Press Association The 25-year-old, who joined the Gunners from Real Madrid in a club-record deal on transfer deadline day, saw his tame first-half penalty saved against Marseille in the Champions League on Tuesday night, but then provided the perfect pass for Jack Wilshere to fire in a second goal which all but sealed a place in the knockout stages. Ozil has returned a number of subdued displays since his high-profile move three months ago. “Mesut moves well between the lines, so it is always difficult to defend against him,” the 6ft 6in defender said. “When the centre-back comes out with him, there is always space for others to go in, so he helps us create more chances. “We are playing well as a team and we should continue that in the Champions League and the Premier League.” Arsenal travel to Cardiff on Saturday aiming to consolidate their place at the top of the table. Mertesacker said: “We are on a good run and we are in a good position. We want to keep that.” However, Mertesacker – who is now an integral part of the defence after initially struggling for consistency after he joined from Werder Bremen in August 2011 – believes the best is still to come from his fellow Germany international. “Mesut has made good progress. He is in good form and you can see that,” Mertesacker said. “He was always a threat (against Marseille) and he never gave up after the penalty that he missed. “We are very delighted with him, especially in the transition from defence to offence, when he is always a threat. “He can play the balls, he is the one who always goes deep all of the time. He is in good form and I think we will see more.” Mertesacker added: “Sometimes he looks like his head is going down, but we said at half-time that we do not care (about the missed penalty). We just go on and that is what he did.” Ozil’s arrival seemed to lift the whole club, with a renewed sense Arsene Wenger’s current crop of talent can finally come of age in 2014. The contribution of Ozil within the team, allowing the likes of Wilshere – who scored his first goal against Marseille inside the opening 30 seconds – and Aaron Ramsey more freedom, is not lost on Mertesacker. Mesut Ozil will always provide Arsenal with an extra threat to open up defences – and there is plenty more to come from the £43million man, according to team-mate Per Mertesacker.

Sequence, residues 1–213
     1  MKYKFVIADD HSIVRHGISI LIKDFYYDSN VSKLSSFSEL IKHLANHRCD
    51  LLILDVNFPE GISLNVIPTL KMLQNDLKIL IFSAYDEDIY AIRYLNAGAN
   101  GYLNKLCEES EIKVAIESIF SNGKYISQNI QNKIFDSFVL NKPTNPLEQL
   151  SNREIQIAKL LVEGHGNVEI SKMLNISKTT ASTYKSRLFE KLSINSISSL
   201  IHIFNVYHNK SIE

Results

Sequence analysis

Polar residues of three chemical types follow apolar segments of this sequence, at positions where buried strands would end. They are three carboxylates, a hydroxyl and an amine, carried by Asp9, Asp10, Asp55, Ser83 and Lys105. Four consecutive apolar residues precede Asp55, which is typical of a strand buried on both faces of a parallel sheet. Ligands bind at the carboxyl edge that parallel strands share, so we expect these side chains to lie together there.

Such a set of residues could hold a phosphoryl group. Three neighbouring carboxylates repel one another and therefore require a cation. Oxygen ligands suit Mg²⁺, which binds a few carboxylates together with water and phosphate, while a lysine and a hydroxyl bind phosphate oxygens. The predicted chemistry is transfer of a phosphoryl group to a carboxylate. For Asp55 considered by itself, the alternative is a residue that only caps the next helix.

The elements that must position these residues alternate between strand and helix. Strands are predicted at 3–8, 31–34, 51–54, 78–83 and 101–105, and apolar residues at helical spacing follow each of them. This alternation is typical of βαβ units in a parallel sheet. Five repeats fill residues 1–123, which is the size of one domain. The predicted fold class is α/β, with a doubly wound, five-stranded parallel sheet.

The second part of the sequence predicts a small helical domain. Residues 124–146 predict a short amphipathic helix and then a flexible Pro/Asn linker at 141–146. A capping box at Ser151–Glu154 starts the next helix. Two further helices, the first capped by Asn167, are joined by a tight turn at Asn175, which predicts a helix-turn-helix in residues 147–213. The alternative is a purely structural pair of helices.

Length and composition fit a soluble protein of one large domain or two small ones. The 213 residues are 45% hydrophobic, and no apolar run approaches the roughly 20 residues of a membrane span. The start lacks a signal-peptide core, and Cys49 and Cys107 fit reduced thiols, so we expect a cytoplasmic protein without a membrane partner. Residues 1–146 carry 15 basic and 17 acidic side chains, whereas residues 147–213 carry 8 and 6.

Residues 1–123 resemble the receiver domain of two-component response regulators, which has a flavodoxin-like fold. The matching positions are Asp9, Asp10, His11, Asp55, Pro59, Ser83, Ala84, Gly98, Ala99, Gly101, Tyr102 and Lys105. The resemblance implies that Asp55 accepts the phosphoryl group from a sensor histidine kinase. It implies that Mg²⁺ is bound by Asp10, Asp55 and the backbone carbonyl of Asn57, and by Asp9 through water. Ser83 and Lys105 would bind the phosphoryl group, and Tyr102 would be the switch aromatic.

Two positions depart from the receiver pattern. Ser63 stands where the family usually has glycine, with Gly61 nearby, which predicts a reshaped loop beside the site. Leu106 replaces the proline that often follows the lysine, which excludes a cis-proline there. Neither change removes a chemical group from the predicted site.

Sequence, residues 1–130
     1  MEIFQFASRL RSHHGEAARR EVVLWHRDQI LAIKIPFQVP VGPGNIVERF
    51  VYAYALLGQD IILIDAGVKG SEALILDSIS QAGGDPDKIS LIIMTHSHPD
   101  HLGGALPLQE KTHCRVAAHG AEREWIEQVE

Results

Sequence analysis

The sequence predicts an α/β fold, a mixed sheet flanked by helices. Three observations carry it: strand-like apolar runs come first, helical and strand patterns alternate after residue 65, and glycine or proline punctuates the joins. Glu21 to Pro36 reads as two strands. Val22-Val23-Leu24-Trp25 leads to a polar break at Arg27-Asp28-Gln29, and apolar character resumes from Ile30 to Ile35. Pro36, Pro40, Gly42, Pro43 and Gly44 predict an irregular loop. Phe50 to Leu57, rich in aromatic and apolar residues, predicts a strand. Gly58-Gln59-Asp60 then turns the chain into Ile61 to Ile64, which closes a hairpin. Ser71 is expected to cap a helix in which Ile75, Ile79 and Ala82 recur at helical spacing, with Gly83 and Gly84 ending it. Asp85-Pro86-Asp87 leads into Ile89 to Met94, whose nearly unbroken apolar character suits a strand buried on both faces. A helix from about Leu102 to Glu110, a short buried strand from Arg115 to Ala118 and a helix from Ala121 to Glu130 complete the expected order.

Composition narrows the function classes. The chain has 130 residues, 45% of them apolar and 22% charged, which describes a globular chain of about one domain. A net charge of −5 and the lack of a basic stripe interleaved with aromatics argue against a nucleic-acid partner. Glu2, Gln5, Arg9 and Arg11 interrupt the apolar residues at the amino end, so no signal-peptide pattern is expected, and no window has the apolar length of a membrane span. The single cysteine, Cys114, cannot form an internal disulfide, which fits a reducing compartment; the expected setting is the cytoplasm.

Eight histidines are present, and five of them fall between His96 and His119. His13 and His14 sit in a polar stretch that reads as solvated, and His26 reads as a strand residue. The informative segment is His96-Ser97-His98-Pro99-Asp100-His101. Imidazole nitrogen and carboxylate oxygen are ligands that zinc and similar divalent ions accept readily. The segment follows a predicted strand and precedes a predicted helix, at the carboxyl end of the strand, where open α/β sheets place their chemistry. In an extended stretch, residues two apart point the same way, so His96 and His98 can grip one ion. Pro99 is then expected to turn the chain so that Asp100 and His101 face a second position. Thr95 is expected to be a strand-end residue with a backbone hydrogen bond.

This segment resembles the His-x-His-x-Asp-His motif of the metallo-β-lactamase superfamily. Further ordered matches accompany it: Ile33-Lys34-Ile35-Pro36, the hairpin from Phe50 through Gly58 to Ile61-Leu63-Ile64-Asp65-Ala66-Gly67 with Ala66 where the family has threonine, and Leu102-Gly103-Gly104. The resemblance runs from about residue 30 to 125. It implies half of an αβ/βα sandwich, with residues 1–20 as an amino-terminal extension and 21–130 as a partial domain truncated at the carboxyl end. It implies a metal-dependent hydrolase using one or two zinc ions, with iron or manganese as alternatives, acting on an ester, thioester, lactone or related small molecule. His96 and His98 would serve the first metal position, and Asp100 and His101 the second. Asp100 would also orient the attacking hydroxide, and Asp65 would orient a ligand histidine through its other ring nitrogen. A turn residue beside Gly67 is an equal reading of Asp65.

The 1999 Heineken Cup winners scored four tries to claim a bonus point against the Italians for the second week running following the 48-0 thrashing in Belfast seven days ago. Second-half scores from Craig Gilroy, Robbie Diack and Jared Payne accompanied a late first-half effort from Luke Marshall as Ulster made it four wins from four games following earlier successes against Leicester Tigers and Montpellier. Ulster never looked like losing their unbeaten record once Marshall crossed two minutes before the break but they left it late to grab the bonus point when Payne dived over with not much more than a minute remaining. Ulster started brightly as they looked to take the game to Treviso early on but they only had a 10th-minute penalty from Paddy Jackson to accompany their enthusiasm. Alberto Di Bernardo levelled the scores just before the half hour with a straightforward penalty but the pivotal moment came two minutes before the break when Marshall touched down out wide for the first try of the game. Payne’s beautifully weighted chip ahead bounced perfectly for the inside centre and he did enough to squeeze in at the right-hand corner. Jackson was off target with the conversion attempt but he ensured Ulster were two scores clear at the break as he struck a second penalty with the final play of the half. Leading 11-3 at the start of the second period, Ulster moved further ahead thanks to a third strike from Jackson just six minutes in. Brilliant interplay from Ruan Pienaar and Darren Cave then created a chance for Ulster out wide and Treviso full- back Brendan Williams was subsequently sinbinned for a deliberate knock on. Ulster initially came away with nothing but they were soon celebrating a second try as the extra man told and Gilroy touched down out wide. Jackson sent over the impressive extras and Ulster were home and dry at 21-3 up with just over 16 minutes remaining. Things got even better for Ulster almost immediately as Luke McLean saw yellow for offside after 67 minutes and Diack made him pay by burrowing through just 30 seconds later. Jackson again converted – this time from a far easier angle – and Ulster were 28-3 to the good, with 11 minutes left to find the bonus point score. That came at the death when Andrew Trimble put Payne over to ensure Ulster head into rounds five and six in good shape to qualify for the knockout stages for the fourth year running. Ulster surged further ahead at the top of Heineken Cup Pool Five after they secured maximum points from a 35-3 victory over Benetton Treviso at the Stadio di Monigo on Saturday afternoon. Press Association